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[161] which the topographical features of the ground presented for regular approaches, and counting with reason upon the damaging effect of the awful bombardment, both upon the work itself and the morale of the garrison, had determined to make one more effort to wrest the position from the Confederates by storm. To this end he had organized a strong column of two brigades (a third brigade being held in reserve), under command of General Seymour, the formation being made behind the sand-hills. Its advance was supported by light batteries, and as the heavy firing ceased, it swept forward with a rush. An officer, who was in Wagner, told me the following day that the assault came very near meeting with perfect success, for, although it was anticipated, the awful artillery fire had compelled the garrison to seek shelter in the bomb-proofs. The exits from these places were narrow, and there was much trouble in getting the men to the ramparts in time to repel the onslaught. As it was, the result was long doubtful. A part of the enemy's column effected a lodgment in the salient on the left, and not until reinforcements were sent down from James Island to the assistance of the garrison, were these assailants finally overpowered and the entire fort once more in the hands of the Confederates.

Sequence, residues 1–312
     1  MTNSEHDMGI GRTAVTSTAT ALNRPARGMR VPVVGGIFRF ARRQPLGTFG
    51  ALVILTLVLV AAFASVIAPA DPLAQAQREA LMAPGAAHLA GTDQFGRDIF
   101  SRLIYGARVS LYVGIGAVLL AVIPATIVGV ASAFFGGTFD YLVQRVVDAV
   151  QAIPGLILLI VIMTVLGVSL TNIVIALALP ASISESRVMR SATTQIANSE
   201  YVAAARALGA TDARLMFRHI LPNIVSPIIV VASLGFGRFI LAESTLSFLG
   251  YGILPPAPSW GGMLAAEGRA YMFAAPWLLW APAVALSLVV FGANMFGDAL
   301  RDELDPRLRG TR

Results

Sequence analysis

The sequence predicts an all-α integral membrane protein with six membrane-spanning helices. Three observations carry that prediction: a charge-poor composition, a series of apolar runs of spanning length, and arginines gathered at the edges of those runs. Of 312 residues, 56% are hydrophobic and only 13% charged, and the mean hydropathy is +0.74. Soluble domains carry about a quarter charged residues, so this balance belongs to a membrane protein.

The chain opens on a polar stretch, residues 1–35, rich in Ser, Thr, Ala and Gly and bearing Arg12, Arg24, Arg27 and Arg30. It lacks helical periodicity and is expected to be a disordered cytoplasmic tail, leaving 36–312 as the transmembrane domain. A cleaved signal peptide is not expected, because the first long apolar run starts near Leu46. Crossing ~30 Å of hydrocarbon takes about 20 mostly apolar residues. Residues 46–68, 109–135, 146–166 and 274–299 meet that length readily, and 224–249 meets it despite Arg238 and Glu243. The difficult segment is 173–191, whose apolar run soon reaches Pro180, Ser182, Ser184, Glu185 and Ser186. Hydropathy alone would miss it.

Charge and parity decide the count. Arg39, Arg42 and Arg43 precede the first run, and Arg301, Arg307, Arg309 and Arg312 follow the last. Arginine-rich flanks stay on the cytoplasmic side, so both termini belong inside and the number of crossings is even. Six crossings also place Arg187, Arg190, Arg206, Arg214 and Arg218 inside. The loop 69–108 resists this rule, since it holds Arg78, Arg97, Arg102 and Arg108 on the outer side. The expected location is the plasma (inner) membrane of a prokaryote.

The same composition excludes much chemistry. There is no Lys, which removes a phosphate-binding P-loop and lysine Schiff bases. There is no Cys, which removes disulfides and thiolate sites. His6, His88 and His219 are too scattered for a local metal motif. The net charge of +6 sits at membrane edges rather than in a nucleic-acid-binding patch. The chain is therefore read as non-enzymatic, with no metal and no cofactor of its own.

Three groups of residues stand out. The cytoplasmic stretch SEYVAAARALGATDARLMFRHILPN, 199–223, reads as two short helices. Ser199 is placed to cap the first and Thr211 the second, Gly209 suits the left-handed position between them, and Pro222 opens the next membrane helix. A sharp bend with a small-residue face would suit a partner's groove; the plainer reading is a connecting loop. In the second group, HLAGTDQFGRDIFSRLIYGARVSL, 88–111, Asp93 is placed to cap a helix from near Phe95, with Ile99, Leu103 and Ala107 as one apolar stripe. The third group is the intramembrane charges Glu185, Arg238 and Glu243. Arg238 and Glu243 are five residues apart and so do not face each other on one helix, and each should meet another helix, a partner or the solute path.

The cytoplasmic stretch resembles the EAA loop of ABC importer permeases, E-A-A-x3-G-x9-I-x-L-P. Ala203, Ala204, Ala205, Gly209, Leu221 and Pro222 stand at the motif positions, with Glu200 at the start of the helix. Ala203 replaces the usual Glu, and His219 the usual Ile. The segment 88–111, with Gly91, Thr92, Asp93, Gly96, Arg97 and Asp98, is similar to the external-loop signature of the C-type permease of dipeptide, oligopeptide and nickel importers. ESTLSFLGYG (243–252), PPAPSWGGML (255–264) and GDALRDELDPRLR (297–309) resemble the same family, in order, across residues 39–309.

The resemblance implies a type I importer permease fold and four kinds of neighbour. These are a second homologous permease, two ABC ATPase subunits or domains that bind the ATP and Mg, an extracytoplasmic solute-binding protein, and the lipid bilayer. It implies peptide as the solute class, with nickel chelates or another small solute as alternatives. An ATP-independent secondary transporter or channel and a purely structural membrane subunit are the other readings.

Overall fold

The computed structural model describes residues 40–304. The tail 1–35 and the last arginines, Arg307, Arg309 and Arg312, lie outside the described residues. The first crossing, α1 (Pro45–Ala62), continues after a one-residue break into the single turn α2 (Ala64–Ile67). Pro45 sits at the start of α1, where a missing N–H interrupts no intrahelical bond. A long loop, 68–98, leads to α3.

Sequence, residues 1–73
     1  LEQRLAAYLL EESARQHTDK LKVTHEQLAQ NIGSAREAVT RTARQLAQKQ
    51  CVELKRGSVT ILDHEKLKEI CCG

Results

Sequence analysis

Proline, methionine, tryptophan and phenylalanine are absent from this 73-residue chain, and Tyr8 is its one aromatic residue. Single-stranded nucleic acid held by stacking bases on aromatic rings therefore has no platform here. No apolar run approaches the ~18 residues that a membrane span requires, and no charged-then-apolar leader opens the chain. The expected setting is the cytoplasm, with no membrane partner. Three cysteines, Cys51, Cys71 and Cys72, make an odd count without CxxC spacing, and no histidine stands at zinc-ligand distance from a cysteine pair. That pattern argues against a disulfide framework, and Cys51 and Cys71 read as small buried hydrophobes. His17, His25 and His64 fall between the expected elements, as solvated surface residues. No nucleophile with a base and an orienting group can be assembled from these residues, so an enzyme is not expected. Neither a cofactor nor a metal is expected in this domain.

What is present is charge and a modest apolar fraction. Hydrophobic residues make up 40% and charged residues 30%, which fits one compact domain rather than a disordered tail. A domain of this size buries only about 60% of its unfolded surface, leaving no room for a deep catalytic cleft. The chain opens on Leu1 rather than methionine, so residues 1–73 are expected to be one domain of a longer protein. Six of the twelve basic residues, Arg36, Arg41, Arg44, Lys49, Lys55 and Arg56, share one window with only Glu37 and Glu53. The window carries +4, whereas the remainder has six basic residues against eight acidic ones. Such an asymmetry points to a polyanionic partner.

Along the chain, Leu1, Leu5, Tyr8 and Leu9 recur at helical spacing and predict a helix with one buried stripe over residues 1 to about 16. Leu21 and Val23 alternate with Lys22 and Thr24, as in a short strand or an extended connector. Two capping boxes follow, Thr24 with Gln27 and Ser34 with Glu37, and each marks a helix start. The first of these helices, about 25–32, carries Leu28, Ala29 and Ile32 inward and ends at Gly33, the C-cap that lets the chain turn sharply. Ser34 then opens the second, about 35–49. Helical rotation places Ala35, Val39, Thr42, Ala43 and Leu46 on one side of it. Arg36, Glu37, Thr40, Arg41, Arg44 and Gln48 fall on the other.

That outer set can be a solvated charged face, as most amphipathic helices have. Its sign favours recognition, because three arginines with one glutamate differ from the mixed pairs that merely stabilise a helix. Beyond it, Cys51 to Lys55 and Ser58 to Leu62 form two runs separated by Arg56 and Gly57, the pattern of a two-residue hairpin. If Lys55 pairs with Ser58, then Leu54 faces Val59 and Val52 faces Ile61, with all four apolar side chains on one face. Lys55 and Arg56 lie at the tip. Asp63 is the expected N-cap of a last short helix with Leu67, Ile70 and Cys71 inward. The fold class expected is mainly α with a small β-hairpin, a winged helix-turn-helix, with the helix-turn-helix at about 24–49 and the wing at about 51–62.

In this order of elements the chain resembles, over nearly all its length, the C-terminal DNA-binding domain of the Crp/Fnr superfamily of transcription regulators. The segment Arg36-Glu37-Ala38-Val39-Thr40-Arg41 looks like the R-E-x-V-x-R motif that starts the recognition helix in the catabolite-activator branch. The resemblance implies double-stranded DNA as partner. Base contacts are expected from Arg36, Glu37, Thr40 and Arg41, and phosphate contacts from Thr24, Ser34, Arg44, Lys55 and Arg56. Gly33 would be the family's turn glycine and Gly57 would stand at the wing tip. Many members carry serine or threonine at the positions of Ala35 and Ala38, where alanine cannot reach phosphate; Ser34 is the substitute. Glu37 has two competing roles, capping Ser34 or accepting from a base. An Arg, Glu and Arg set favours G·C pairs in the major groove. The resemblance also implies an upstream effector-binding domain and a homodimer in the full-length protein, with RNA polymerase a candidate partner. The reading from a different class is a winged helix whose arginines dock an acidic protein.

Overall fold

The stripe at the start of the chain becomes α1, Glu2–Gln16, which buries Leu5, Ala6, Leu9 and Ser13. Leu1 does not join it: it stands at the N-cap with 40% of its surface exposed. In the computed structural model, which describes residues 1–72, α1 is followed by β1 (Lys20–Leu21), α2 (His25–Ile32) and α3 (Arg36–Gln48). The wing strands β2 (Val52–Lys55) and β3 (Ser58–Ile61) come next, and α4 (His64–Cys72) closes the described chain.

The attack was bloody and disastrous to the attacking force. Its leader, General Seymour, was dangerously wounded and General Strong with many of his best officers, and hundreds of the men, were killed, while the total loss in killed, wounded and prisoners, has been variously estimated at from 1,500 to 2,200 men. Nearly all of the enemy's regiments were in a statements were in a state of disorganization, and gloom and dismay settled upon them.

In this connection it will be of interest to state that, during the siege, the Federal signal book was in our possession, having been captured on the person of a signal officer, near Georgetown, South Carolina. Its valuable secrets had been drawn from him by a Confederate who shared his place of imprisonment in the garb of a Federal prisoner. More than once the knowledge thus acquired proved of essential service to us. On this occasion the following dispatch from General Gilmore to Admiral Dahlgren had been intercepted, and in General Beauregard's possession hours before the assault: ‘Continue the bombardment throughout the day; at sunset redouble it. The assault will commence at seven.’

Notwithstanding this disaster, General Gilmore, with great tenacity of purpose worthy of admiration, gave no evidence of having been diverted from his objective point. Though apparently convinced of

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